Gothic Infections: Arthur Schnitzler and the Haunted Culture of Modernism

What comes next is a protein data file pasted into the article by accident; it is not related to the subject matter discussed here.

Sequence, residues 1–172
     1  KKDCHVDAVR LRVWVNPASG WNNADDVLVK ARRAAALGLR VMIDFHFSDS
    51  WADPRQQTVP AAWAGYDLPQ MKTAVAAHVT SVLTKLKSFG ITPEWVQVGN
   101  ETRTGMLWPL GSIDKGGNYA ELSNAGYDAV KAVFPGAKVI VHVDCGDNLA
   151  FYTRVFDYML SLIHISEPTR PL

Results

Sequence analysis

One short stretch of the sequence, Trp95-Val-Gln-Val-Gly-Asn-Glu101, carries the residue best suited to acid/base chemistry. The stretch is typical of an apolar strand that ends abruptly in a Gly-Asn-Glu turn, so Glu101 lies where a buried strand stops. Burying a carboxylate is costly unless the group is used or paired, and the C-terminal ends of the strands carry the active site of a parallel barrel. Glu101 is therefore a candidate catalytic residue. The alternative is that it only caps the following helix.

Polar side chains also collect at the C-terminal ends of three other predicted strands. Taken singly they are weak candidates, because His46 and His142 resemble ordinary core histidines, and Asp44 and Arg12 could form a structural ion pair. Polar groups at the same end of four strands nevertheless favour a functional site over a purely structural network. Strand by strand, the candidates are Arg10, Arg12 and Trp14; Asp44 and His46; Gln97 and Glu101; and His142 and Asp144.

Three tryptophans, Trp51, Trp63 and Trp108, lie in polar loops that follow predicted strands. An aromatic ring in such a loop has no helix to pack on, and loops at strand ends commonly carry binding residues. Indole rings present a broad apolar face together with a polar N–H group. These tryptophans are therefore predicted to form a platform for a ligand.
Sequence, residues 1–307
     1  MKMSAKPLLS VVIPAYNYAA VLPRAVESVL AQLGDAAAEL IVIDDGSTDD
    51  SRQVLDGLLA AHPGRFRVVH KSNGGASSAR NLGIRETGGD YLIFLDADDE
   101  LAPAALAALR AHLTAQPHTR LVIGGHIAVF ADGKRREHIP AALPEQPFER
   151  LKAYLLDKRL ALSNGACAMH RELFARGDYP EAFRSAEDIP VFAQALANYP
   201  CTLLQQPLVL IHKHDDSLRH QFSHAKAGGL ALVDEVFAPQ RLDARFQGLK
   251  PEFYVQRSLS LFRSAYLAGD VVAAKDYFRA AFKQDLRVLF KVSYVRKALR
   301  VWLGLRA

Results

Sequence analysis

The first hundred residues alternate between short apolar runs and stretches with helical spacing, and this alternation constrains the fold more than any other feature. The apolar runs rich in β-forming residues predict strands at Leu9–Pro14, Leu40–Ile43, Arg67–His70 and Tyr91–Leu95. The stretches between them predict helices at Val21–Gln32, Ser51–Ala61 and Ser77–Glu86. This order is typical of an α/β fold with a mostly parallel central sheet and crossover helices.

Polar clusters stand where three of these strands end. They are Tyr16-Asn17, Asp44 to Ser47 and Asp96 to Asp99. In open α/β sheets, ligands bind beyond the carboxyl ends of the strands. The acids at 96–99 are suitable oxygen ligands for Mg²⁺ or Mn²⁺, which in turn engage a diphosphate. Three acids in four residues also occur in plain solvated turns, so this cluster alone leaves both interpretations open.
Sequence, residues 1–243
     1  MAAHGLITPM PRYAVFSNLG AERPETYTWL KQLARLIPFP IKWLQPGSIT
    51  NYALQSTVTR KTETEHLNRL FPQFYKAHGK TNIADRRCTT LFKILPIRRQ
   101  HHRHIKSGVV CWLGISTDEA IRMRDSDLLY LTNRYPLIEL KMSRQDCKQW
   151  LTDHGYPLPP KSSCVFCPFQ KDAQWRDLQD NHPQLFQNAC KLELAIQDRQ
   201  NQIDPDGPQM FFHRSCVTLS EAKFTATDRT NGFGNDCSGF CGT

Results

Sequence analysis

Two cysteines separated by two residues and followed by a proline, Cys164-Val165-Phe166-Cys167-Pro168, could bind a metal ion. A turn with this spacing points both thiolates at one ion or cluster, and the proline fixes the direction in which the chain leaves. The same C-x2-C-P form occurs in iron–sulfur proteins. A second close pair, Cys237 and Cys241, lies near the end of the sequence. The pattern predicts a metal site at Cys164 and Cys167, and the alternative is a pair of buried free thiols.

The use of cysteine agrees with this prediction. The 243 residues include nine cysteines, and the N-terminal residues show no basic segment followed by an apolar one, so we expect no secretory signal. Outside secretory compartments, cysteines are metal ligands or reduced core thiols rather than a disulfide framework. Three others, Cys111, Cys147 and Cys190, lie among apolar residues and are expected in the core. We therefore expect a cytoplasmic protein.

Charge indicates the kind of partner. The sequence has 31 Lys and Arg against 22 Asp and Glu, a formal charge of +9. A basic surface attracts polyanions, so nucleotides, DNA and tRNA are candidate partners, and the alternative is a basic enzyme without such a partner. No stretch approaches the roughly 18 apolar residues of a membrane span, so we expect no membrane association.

The article examines the intersection between Gothic elements and the theme of infection in two narrative texts by the Viennese doctor-writer Arthur Schnitzler. It argues that the re-emergence of the Gothic in modernist literature draws from the popularized scientific discourses of bacteriology around 1900 and their metaphorical imagination of germs as invisible invaders and enemies. The theme of infection functions as a Gothic trope, which is used to negotiate the experience of increasingly blurred boundaries between self and ‘other’. Schnitzler’s texts reveal how the fear of infection becomes metaphorically linked to the protagonists’ loss of their secured sense of self within the normative boundaries of a bourgeois masculinity.